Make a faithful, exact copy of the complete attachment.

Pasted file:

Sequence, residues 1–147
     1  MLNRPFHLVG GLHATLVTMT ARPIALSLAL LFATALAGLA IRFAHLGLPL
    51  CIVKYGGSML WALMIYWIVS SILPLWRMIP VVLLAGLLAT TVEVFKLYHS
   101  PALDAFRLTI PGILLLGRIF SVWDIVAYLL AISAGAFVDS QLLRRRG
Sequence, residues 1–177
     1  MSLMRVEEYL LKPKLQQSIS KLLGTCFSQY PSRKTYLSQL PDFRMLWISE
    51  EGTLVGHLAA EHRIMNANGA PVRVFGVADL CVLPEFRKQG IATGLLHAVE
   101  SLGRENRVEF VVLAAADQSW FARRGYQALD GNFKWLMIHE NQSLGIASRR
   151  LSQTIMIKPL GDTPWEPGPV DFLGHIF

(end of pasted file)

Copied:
Sequence, residues 1–147
     1  MLNRPFHLVG GLHATLVTMT ARPIALSLAL LFATALAGLA IRFAHLGLPL
    51  CIVKYGGSML WALMIYWIVS SILPLWRMIP VVLLAGLLAT TVEVFKLYHS
   101  PALDAFRLTI PGILLLGRIF SVWDIVAYLL AISAGAFVDS QLLRRRG
Sequence, residues 1–177
     1  MSLMRVEEYL LKPKLQQSIS KLLGTCFSQY PSRKTYLSQL PDFRMLWISE
    51  EGTLVGHLAA EHRIMNANGA PVRVFGVADL CVLPEFRKQG IATGLLHAVE
   101  SLGRENRVEF VVLAAADQSW FARRGYQALD GNFKWLMIHE NQSLGIASRR
   151  LSQTIMIKPL GDTPWEPGPV DFLGHIF